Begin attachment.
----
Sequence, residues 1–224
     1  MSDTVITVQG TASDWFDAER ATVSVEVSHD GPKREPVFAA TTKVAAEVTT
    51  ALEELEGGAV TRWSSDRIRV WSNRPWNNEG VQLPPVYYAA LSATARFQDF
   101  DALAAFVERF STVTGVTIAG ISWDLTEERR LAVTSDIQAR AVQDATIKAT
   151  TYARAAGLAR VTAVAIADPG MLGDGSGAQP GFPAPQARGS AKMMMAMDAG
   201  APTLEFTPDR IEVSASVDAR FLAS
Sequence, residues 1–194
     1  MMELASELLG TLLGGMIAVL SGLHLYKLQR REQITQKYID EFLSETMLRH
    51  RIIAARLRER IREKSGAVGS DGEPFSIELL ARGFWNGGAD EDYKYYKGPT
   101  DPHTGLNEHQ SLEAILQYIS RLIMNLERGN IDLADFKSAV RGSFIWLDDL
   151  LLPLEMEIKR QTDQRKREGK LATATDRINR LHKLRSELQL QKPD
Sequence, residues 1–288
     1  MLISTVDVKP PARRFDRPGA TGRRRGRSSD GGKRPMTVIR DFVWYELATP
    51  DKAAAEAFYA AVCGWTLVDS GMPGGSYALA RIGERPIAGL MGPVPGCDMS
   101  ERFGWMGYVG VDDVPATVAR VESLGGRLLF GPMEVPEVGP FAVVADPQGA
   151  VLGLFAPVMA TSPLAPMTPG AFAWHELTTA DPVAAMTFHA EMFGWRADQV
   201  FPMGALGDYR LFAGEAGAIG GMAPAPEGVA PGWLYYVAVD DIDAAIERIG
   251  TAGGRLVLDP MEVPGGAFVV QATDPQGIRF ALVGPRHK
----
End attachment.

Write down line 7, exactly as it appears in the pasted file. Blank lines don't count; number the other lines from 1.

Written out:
Sequence, residues 1–194